During specific catastrophic points in the historical crisis of capitalism such as this one, opportunities for new solidarities can emerge through reorganizations of popular power—perhaps novel conceptions of insurrection, even. However, most importantly, this moment may also allow for the reimagination of a more inclusive “us,” constituted by a typically obfuscated, precarious surplus population. If people cannot pay rent, if they cannot work, then perhaps they have already gone on to something resembling a general strike, as described in an excellent essay in the journal Chuang. They see the contours of new forms of being together in reactions to this virus, in social distancing, in the closure of offices, and write: “The quarantine, then, is like a strike hollowed of its communal features but nonetheless capable of delivering a deep shock to both psyche and economy.” How then to reimagine our actions with intent? Will people feel the need to return to work, if reconfigured social lives are no longer dependent on the workplace as such? Perhaps now is the best time in many decades to answer a series of questions posed by Kathi Weeks in her 2011 book The Problem with Work: Feminism, Marxism, Antiwork Politics, and Postwork Imaginaries: “How might we expose the fundamental structures and dominant values of work—including its temporalities, socialities, hierarchies, and subjectivities—as pressing political phenomena? […] How might we conceive the content and parameters of our obligations to one another outside the currency of work?” Franco “Bifo” Berardi and I have been emailing about these issues and others, as we are socially distanced in our homes. Here is an edited conversation from those letters across time zones.
Andreas Petrossiants, March 31, 2020.
Andreas Petrossiants: To my mind, much writing on the pandemic is not giving enough attention to how statist approaches to propping up social reproduction carry the imperative to protect productive value, rather than lives; furthermore, government responses have been, across the board, a reactionary defense of work’s legitimation crisis. The US government’s paltry attempt at a temporary universal basic income, for example, is essentially a stimulus package for landlords, as rent payments have been forestalled, at best. The realities of the liberal welfare state died long ago, but liberalism’s incumbent mythologies have persevered, mutated, and grown stronger. Maybe now is when these myths will crumble once and for all? What do you see as the horizon of possibility at a time like this, when certain biopowers and tactics of modern social control age and grow obsolete, and the reaction to save them grows still more violent?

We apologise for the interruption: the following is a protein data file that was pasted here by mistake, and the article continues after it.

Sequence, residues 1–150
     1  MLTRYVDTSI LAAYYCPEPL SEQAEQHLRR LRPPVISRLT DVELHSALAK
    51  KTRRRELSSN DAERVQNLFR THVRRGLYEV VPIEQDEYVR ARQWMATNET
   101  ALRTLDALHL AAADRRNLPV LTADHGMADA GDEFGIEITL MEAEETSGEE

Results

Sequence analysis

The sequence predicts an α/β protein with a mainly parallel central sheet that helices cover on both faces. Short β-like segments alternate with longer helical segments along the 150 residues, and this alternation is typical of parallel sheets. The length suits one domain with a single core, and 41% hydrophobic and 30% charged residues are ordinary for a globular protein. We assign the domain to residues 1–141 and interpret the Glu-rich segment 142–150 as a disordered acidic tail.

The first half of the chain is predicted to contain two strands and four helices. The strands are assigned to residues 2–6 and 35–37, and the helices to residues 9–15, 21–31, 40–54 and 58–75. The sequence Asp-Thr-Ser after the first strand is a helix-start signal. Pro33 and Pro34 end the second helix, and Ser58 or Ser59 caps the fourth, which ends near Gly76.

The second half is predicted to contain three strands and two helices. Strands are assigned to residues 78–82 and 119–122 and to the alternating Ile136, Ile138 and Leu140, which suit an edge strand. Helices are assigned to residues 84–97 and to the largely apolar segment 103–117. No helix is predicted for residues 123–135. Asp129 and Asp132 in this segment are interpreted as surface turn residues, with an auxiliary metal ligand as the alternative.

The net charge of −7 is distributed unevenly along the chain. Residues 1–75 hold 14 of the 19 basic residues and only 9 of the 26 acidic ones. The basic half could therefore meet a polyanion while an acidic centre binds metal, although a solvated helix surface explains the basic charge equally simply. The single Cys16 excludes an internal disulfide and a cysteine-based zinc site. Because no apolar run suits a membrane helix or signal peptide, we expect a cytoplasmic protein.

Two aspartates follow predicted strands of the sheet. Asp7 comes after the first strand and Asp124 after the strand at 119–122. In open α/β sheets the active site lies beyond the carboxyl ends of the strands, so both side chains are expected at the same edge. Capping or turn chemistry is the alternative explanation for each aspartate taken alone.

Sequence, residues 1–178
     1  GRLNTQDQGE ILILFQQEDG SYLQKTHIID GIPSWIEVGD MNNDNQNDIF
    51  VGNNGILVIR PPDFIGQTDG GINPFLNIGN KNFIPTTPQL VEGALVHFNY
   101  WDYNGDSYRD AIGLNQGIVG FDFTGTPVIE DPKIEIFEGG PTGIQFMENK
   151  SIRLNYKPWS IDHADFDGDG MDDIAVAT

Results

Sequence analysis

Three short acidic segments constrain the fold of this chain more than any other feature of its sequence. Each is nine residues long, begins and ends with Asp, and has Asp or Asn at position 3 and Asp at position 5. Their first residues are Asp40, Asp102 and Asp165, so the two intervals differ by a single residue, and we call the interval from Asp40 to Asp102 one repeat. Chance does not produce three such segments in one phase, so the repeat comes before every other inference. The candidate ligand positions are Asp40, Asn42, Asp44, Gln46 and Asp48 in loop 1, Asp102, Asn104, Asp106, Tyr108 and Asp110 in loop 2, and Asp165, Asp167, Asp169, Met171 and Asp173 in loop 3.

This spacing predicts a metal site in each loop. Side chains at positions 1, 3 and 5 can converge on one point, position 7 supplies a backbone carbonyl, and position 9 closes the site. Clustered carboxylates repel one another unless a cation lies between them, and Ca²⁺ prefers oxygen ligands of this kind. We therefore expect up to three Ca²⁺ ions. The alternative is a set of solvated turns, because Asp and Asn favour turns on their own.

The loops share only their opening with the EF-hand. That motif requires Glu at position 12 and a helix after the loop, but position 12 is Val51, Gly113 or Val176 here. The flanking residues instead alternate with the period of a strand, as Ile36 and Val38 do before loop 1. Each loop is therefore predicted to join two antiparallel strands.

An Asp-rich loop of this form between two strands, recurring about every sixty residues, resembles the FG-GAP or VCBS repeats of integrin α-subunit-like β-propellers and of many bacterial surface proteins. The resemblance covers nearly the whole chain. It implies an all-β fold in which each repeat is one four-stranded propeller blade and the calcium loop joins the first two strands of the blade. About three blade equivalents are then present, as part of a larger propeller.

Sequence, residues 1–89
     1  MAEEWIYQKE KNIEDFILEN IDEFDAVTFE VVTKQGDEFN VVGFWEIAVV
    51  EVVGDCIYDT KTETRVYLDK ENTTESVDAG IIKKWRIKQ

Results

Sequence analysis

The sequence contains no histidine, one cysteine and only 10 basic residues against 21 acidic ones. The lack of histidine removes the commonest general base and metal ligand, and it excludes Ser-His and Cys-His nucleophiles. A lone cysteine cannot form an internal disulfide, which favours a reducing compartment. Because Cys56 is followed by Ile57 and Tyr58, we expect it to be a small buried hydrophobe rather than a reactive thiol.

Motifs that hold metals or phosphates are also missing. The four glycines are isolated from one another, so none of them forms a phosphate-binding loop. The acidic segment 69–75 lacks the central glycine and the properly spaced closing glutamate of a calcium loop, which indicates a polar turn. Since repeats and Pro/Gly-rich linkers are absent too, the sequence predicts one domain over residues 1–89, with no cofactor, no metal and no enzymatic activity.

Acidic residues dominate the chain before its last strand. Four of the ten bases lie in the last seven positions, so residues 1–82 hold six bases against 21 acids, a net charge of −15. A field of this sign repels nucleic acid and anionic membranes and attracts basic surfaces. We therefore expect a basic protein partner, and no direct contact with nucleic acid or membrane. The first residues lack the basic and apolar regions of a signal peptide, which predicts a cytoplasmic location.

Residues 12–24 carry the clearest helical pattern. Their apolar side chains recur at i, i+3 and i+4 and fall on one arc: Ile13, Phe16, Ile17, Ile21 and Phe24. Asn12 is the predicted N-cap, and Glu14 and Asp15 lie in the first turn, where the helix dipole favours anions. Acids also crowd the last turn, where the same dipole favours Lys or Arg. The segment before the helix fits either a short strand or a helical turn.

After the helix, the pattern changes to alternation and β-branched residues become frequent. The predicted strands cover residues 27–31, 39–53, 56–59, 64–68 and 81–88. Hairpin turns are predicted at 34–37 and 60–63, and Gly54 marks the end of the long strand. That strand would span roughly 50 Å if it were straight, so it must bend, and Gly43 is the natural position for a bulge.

Franco “Bifo” Berardi: I see different conflicting possibilities. Most commentators stress the totalitarian effect of the present emergency. When people are frightened for their own life they accept limitations on freedoms they would not accept otherwise. Western media (particularly in the US) have harshly criticized the Chinese reaction to the outbreak, but in the long run we are discovering that the Chinese have been much more effective at containing the virus. In an article in El Pais, the German-Korean philosopher Byung-Chul Han writes that Chinese people have a totally different approach to big data collection and ensuing forms of control.
The hypostatization of the concept of personal freedom in the post-Romantic Western world is put to question in the Chinese cultural context, as is the very concept of the “private sphere”—in that context it has no translation and no meaning. However, the rhetoric of Western democracy is based on a Eurocentric prejudice that the imminent danger of extinction is forcing under scrutiny. So, we should expect that the current pandemic is going to prepare us for the full integration of Western Romantic individualism and eastern Confucian collectivism under the aegis of capitalist exploitation. The full implementation of the capitalist nightmare.
Nevertheless, I know that, as Naomi Klein puts it, “if there’s one thing history teaches us it’s that moments of shock are profoundly volatile. We either lose a whole lot of ground, get fleeced by elites, and pay the price for decades, or we win progressive victories that seemed impossible just a few weeks earlier.” All of a sudden, the pandemic has reactivated the future as a space of possibility, because the automatisms (both technological and financial) that disabled political subjectivity in the past neoliberal decades have been broken, or at least destabilized.
The economic and social scenario that we are going to discover when we emerge from the present pandemonium is hardly imaginable. It will not resemble past recessions, because it will be a crisis of supply and of demand simultaneously, and because the collapse is exposing the prospect of stagnation that was already visible in the last ten years, notwithstanding the efforts of reviving economic growth. Growth has slowed to the point of creating a sort of “bad utopia” in recent decades. The reason was not a provisional crisis, but the exhaustion of the physical resources of the planet, notwithstanding technological increases of productivity. Paradoxically we have been unable to see the possibility of reducing work time because we have been obsessed with the superstitions of increased national productivity—which is not a measure of how many useful things we produce, but rather the measure of the accumulation of monetary value.
Now that spell is broken. Obviously, the economic slump, if not a full-blown economic catastrophe, that the pandemic will continue to provoke will demand reconstruction efforts, but we are in the position to decide what it is that we want to rebuild, and what we want to forget. We can abandon the extractive model, and adopt non-polluting technologies, for example. Most importantly, we can abandon a model in which consumption is mandatory.